Proposition 37, which would mandate labeling of genetically engineered food, is a good example of the mischief that can by done through the tyranny of words.
Calling something “genetically engineered” sounds somehow like something Dr. Evil would do. But what if Proposition 37 required the labeling of “genetically improved” food? That would raise such questions as: Why would such a measure be required in the first place? The United States has the safest food supply in the world, and that food supply includes many products that have been genetically altered or improved.
Corn, for example, was first cultivated when it was a grass with a head not much larger than we find on wheat. Over centuries, Indians, and later farmers and plant geneticists improved corn to be the plant it is today. Almost nothing about a corn plant is natural, as many people understand natural to mean. Seed corn is still being studied, carefully grown in laboratory conditions, in hopes of making it an even more useful plant than it is now.
Plant breeders have improved apples, pears, peaches, plums, figs, dates, almonds, peanuts, tomatoes, grapes — all by means of genetics — the careful selection of specimens which have the characteristics desired. These characteristics could include size, disease resistance, flavor, shelf life, ease of harvest, ease of processing and weather hardiness, along with many others.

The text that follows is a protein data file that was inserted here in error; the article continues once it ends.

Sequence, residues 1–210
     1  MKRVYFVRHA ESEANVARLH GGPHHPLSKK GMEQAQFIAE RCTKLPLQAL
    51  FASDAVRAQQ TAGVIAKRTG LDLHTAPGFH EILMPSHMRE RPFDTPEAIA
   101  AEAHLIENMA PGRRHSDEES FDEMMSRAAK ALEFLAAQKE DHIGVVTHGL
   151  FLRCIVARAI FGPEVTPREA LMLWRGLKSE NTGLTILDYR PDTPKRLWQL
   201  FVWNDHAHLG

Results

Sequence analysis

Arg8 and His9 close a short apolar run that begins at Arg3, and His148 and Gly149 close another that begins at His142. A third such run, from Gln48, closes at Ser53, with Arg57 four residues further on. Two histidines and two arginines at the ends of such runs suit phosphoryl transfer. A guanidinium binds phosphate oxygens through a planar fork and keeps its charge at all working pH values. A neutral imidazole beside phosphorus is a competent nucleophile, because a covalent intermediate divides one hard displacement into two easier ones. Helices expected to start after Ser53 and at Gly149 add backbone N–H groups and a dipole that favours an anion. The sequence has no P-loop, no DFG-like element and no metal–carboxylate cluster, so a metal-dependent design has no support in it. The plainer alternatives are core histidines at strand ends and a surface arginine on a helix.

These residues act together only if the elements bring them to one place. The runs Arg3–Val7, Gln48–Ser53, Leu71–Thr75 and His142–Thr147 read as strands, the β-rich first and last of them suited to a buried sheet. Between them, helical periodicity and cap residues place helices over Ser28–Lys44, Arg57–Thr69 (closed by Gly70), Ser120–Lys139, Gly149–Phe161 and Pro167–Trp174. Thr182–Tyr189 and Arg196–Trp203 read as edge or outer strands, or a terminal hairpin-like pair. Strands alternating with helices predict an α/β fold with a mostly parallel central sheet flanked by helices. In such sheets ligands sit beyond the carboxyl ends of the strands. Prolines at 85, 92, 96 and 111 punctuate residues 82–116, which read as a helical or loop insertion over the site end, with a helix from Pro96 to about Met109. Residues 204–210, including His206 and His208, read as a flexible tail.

The gala apple, for example, was clonally propagated for its mild and sweet flavor, and for its crispness. It began as a cross in New Zealand, and became what today is the second most popular apple in the United States, even though it wasn’t grown here commercially before 1974.
Would we have to label gala apples and corn as “genetically engineered?” Could someone be sued because he or she forgot to paste “genetically engineered” labels on them?
Yes, some of the work of geneticists is done in modern laboratories now, and the advantage is that genetic selections can be better controlled.
And, yes, some are concerned that such lab-based selections might create plants that would make people sick. But there’s no proof of that.
Proposition 37, as it is written, despite claims by its backers, would create problems for those who grow, process and sell food of all kinds. It deserves a “no” vote.